The US Department of Justice has seized control of seven domain names associated with Kickass Torrents. KAT, as it is popularly refered to, happened to be the most visited torrent site in the world, even surpassing The Pirate Bay in 2014.
The owner has also been charged with copyright infringement allegations and money laundering by the law enforcement authorities who seized him.
Details about the Arrest and Seizure
Authorities say that 30 year old Artem Valuin from Kharkiv, Ukraine was arrested in Poland yesterday and that US would try to extradite him to America.
Artem is said to own and operate Kickass Torrents, a torrent portal which has, since its launch in 2008, allowed users to download TV shows, music, movies and games and other media via torrent files. The intellectual property damages for files hosted at KAT has been estimated to be worth around $1 billion.
Criminal Charges Against the Owner
According to the charges leveled against Artem, Kickass consistently listed movies that were not even out of the theatres yet, which were available for download via torrenting apps. The officials mentioned titles such as “Now You See Me 2,” “Captain America: Civil War,” “Finding Dory” and “Indepence Day: Resurgence”.
The U.S Government has charged Artem Vaulin with one count of conspiracy to commit criminal copyright infringement, one count of conspiracy to commit money laundering and two counts of copyright infringement.
He could go to jail for upto 5 years due to the copyright infringement charges and the money laundering charges can get him incarcerated for up to 20 years.
Copyright Infringement and Piracy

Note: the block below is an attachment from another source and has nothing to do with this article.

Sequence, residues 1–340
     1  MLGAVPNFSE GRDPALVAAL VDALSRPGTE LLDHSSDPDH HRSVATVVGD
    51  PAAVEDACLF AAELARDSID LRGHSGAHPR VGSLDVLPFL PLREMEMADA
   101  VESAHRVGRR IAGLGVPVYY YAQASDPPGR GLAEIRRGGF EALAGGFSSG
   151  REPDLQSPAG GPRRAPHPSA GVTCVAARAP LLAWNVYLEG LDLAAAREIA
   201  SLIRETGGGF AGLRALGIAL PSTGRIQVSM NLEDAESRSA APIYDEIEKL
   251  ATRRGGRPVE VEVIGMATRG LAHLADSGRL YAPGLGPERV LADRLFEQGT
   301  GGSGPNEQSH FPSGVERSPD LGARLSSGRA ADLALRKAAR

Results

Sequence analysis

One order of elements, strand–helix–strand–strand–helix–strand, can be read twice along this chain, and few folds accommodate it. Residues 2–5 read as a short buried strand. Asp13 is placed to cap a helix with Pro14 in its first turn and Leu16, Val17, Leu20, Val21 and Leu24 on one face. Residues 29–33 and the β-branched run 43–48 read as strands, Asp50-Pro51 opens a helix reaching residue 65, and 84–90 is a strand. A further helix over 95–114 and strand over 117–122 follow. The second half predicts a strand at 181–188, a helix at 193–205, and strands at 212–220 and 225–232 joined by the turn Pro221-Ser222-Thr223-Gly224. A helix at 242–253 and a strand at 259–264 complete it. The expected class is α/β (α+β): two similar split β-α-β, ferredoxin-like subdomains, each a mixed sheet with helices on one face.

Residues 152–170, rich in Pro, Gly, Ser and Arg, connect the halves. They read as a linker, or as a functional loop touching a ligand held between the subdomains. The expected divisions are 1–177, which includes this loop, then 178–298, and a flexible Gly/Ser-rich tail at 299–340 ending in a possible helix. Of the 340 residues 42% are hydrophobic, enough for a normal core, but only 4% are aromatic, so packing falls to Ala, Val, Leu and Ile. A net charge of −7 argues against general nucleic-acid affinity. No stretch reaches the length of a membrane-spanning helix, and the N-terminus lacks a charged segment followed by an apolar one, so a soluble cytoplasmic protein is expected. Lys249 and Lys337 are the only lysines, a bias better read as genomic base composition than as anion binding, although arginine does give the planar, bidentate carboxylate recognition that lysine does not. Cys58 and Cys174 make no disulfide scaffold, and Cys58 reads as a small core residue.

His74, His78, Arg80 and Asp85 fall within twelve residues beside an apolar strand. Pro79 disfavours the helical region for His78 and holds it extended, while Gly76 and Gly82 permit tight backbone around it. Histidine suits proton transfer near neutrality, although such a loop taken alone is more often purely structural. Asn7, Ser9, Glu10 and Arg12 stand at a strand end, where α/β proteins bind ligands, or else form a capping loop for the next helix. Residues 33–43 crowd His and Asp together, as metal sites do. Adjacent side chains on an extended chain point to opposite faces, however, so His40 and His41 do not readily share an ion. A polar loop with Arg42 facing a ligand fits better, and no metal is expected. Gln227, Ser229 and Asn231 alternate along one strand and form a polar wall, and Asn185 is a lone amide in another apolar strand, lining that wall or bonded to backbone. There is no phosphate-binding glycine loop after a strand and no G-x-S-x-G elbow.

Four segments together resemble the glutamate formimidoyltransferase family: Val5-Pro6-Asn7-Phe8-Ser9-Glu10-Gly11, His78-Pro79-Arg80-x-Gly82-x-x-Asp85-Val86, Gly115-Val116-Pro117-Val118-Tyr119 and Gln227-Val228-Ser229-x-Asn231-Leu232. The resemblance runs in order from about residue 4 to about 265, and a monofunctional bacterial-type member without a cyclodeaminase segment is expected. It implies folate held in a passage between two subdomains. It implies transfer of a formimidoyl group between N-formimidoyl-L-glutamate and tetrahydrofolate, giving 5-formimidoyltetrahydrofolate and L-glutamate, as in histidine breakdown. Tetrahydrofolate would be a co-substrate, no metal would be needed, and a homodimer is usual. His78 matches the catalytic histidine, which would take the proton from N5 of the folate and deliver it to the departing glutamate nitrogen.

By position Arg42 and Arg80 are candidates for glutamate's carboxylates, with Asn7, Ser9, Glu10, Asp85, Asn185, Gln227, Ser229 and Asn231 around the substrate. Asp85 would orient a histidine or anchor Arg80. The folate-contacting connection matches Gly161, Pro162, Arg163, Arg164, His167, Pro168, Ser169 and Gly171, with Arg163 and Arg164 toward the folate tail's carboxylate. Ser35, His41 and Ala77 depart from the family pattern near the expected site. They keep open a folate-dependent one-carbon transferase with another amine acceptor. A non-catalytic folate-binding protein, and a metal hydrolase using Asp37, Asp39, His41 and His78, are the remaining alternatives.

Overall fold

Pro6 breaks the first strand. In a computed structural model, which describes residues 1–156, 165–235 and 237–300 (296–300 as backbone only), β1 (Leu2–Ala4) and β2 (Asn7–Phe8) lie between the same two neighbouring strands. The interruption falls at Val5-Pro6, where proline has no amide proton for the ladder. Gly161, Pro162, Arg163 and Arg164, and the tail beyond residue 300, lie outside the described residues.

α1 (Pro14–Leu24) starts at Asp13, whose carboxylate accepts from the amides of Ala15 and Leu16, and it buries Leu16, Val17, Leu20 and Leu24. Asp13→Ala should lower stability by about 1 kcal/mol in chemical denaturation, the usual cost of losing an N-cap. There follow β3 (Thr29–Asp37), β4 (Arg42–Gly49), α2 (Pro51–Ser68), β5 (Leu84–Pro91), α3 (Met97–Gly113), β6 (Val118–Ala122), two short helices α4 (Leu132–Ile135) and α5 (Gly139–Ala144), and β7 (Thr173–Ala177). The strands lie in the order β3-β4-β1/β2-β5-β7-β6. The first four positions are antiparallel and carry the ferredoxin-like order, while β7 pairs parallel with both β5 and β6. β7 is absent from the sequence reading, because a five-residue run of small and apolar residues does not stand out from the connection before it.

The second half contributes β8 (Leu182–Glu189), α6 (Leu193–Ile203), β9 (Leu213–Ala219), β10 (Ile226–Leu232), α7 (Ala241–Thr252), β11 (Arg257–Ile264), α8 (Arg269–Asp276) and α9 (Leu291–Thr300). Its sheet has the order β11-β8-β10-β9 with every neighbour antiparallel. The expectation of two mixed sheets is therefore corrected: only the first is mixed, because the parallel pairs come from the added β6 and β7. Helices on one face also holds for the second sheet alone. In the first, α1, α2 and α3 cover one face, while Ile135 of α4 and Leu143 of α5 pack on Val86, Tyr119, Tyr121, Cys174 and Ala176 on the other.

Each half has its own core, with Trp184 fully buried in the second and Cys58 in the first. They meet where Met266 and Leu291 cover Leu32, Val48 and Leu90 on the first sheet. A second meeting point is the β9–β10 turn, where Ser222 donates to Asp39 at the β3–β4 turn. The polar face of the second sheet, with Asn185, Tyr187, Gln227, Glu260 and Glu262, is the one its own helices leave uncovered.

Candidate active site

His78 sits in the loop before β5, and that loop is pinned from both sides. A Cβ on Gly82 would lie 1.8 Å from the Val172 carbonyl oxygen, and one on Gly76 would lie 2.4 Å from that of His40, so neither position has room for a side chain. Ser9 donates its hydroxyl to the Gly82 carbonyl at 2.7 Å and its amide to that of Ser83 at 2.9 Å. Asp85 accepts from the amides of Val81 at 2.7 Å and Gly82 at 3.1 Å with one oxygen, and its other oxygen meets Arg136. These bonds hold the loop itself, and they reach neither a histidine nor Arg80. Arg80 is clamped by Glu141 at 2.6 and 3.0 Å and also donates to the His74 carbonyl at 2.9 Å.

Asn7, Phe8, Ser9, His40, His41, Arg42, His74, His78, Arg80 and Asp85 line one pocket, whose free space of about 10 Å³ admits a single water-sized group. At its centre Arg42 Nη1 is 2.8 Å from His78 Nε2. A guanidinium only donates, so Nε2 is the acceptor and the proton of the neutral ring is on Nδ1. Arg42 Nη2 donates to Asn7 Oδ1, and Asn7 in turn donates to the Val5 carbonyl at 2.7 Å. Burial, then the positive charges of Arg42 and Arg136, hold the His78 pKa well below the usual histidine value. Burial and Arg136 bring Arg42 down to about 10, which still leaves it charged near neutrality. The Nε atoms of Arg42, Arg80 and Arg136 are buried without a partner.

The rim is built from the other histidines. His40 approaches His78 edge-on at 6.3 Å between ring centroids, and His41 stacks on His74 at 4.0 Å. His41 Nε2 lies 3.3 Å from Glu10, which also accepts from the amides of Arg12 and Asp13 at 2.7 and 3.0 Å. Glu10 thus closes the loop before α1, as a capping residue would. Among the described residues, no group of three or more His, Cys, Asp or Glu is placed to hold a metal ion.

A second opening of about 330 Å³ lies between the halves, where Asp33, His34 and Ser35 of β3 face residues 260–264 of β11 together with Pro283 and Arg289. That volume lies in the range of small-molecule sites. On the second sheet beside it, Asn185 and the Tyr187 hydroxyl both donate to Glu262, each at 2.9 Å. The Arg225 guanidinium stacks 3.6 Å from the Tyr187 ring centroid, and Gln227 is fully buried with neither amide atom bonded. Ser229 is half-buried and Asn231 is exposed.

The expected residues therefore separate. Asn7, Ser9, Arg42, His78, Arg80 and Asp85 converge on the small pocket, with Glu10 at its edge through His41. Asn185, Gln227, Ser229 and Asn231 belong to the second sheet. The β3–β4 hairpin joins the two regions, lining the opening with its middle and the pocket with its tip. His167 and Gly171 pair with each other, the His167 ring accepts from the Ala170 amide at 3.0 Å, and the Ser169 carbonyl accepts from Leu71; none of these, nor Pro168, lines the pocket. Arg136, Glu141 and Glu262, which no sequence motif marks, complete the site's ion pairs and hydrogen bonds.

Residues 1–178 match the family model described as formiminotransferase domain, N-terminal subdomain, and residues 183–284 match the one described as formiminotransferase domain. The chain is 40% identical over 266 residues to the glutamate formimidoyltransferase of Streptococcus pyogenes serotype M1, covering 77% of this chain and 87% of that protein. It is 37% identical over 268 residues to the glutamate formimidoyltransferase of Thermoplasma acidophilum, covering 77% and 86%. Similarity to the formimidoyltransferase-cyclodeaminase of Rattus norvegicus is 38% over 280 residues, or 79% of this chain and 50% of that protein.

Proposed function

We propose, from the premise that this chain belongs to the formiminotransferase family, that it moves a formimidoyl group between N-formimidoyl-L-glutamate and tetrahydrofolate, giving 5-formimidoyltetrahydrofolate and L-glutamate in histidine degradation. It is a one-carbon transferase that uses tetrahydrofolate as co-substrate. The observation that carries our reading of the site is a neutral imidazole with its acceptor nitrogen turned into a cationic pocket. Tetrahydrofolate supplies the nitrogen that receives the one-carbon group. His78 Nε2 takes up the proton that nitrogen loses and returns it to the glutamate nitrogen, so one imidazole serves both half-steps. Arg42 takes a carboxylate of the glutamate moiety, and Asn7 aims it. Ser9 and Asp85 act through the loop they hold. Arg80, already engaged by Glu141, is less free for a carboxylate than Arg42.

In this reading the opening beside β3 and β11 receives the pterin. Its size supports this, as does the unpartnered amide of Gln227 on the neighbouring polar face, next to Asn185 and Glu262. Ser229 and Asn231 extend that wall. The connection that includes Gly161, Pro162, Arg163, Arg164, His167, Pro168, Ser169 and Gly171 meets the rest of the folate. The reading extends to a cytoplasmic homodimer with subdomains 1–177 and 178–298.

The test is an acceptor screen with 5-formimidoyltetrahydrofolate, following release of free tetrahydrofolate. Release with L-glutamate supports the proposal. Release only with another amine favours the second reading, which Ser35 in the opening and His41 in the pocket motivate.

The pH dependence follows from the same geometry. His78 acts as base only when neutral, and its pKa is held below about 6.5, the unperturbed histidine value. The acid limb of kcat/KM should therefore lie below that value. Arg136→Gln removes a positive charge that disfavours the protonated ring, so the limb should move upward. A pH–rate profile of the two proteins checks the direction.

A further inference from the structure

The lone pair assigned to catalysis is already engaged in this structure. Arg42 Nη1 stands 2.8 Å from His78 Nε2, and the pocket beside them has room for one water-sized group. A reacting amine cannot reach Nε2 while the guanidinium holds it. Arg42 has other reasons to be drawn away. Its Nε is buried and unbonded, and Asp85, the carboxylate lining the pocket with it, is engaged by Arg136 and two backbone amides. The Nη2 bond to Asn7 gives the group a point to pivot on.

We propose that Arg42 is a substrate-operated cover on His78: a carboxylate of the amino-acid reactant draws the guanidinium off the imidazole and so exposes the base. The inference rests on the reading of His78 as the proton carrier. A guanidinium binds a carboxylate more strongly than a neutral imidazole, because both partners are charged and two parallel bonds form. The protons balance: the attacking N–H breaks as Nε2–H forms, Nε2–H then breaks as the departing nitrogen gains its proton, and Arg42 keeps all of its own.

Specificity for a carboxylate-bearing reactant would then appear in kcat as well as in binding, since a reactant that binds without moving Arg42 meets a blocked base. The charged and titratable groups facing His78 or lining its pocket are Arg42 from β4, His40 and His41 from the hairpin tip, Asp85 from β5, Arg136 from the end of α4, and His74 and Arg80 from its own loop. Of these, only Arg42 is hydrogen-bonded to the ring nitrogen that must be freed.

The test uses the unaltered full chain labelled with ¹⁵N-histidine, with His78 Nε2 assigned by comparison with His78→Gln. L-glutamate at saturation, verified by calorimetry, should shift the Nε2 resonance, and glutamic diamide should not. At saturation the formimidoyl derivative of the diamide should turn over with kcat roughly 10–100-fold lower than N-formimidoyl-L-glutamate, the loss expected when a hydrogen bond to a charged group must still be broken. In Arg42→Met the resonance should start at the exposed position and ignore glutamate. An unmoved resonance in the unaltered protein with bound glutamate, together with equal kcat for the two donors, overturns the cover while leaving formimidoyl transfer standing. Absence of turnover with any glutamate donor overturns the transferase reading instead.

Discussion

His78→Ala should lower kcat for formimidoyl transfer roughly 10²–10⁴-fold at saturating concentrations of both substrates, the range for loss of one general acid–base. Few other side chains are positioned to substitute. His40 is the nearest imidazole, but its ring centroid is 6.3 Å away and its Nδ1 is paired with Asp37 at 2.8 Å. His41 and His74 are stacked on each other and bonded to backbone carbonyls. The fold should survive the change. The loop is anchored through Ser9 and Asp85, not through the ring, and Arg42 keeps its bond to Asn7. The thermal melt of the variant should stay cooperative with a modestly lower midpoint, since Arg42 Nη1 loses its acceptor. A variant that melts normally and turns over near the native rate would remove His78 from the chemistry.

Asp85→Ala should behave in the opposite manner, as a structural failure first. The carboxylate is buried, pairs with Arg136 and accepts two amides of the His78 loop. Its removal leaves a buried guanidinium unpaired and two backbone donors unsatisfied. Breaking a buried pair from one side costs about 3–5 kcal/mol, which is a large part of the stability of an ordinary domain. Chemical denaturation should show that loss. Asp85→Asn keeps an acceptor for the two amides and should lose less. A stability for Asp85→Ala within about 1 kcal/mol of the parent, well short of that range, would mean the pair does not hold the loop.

Chris Dodd, CEO and Chairman of the Motion Picture Association of America (MPAA) said that,
“This criminal case is a major step to reduce illegal theft of creative content by large-scale piracy sites. Actions like these help protect the livelihoods of the 1.9 million hard-working Americans whose jobs are supported by the motion picture and television industry – and a legal market that generates $16.3 billion in exports for the U.S. economy.”
It should be noted that piracy itself can not be regarded as just theft of property. For example, if you steal someone’s sofa, you are stealing their property and causing damage but in this case you are actually copying someone’s sofa and giving it away for free. This doesn’t cause any direct damages, but it still causes the sofa maker to lose money due to losing sales (why buy it when you can get it for free?).
US law considers IP theft as illegal, hence the decision to prosecute Artem for running potentially the most popular destination to get free media over the internet.
YIFY, a popular releaser of movies, was also recently taken down. The man behind the YIFY handle was arrested. However,YIFY’s page still continues to operate under a different domain name. The same could happen in this case as well, but there is no way to confirm when it will happen.